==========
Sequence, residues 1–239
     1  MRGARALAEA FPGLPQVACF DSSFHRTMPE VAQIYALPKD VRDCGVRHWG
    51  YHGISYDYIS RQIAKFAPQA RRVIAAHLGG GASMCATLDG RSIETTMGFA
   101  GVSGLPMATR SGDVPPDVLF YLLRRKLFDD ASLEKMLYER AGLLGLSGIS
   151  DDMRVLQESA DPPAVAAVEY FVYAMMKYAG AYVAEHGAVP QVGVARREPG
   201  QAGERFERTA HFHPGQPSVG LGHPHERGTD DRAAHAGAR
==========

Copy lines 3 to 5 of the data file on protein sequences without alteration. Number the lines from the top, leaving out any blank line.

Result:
    51  YHGISYDYIS RQIAKFAPQA RRVIAAHLGG GASMCATLDG RSIETTMGFA
   101  GVSGLPMATR SGDVPPDVLF YLLRRKLFDD ASLEKMLYER AGLLGLSGIS
   151  DDMRVLQESA DPPAVAAVEY FVYAMMKYAG AYVAEHGAVP QVGVARREPG